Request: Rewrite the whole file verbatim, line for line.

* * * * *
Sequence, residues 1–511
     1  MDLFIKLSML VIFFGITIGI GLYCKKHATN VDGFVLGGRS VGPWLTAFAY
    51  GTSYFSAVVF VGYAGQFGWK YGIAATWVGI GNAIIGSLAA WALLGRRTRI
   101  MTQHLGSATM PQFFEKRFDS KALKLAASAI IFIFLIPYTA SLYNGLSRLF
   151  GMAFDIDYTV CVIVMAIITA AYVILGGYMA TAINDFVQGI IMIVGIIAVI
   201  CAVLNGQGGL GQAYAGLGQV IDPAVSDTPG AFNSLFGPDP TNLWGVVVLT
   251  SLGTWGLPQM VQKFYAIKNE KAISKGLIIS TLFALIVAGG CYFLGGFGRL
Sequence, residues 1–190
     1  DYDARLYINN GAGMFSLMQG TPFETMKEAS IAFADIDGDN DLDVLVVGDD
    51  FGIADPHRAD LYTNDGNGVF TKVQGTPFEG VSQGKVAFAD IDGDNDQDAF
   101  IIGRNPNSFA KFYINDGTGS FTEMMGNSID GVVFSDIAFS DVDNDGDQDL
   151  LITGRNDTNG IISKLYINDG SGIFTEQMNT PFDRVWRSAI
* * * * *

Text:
Sequence, residues 1–511
     1  MDLFIKLSML VIFFGITIGI GLYCKKHATN VDGFVLGGRS VGPWLTAFAY
    51  GTSYFSAVVF VGYAGQFGWK YGIAATWVGI GNAIIGSLAA WALLGRRTRI
   101  MTQHLGSATM PQFFEKRFDS KALKLAASAI IFIFLIPYTA SLYNGLSRLF
   151  GMAFDIDYTV CVIVMAIITA AYVILGGYMA TAINDFVQGI IMIVGIIAVI
   201  CAVLNGQGGL GQAYAGLGQV IDPAVSDTPG AFNSLFGPDP TNLWGVVVLT
   251  SLGTWGLPQM VQKFYAIKNE KAISKGLIIS TLFALIVAGG CYFLGGFGRL
Sequence, residues 1–190
     1  DYDARLYINN GAGMFSLMQG TPFETMKEAS IAFADIDGDN DLDVLVVGDD
    51  FGIADPHRAD LYTNDGNGVF TKVQGTPFEG VSQGKVAFAD IDGDNDQDAF
   101  IIGRNPNSFA KFYINDGTGS FTEMMGNSID GVVFSDIAFS DVDNDGDQDL
   151  LITGRNDTNG IISKLYINDG SGIFTEQMNT PFDRVWRSAI